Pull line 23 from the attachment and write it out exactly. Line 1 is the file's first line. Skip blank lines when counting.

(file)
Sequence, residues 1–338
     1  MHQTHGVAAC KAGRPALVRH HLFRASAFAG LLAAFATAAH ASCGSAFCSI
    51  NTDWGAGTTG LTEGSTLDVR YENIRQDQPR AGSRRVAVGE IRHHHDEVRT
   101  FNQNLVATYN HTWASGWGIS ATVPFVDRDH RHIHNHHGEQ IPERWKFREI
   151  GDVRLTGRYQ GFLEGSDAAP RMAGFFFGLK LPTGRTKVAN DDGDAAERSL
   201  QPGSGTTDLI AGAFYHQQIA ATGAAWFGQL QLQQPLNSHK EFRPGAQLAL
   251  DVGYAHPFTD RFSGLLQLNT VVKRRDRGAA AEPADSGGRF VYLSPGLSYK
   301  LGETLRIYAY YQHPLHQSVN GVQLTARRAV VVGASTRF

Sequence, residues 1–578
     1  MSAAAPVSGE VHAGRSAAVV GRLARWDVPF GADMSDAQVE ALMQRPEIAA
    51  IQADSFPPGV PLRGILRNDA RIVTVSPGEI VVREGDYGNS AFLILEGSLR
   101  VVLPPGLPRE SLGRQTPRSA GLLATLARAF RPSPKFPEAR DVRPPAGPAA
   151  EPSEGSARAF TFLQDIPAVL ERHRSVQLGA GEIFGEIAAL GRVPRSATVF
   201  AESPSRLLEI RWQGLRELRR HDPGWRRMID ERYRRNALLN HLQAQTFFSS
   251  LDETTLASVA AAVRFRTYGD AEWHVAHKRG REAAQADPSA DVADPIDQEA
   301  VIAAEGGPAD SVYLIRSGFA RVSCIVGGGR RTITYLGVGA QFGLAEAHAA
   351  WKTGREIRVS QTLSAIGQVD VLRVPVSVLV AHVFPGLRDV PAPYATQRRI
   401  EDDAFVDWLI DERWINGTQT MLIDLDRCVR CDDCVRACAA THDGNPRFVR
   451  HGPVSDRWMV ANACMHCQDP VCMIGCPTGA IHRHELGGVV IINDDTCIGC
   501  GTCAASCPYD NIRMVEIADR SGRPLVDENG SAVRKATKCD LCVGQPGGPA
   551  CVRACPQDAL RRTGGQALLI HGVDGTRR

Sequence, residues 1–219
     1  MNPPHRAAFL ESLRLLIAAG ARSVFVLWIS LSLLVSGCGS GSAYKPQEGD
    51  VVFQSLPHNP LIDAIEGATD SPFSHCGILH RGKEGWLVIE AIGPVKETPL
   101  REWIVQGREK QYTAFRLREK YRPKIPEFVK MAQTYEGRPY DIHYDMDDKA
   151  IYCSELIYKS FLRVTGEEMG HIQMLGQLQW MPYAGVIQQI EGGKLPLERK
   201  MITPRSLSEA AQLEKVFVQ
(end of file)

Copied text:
     1  MNPPHRAAFL ESLRLLIAAG ARSVFVLWIS LSLLVSGCGS GSAYKPQEGD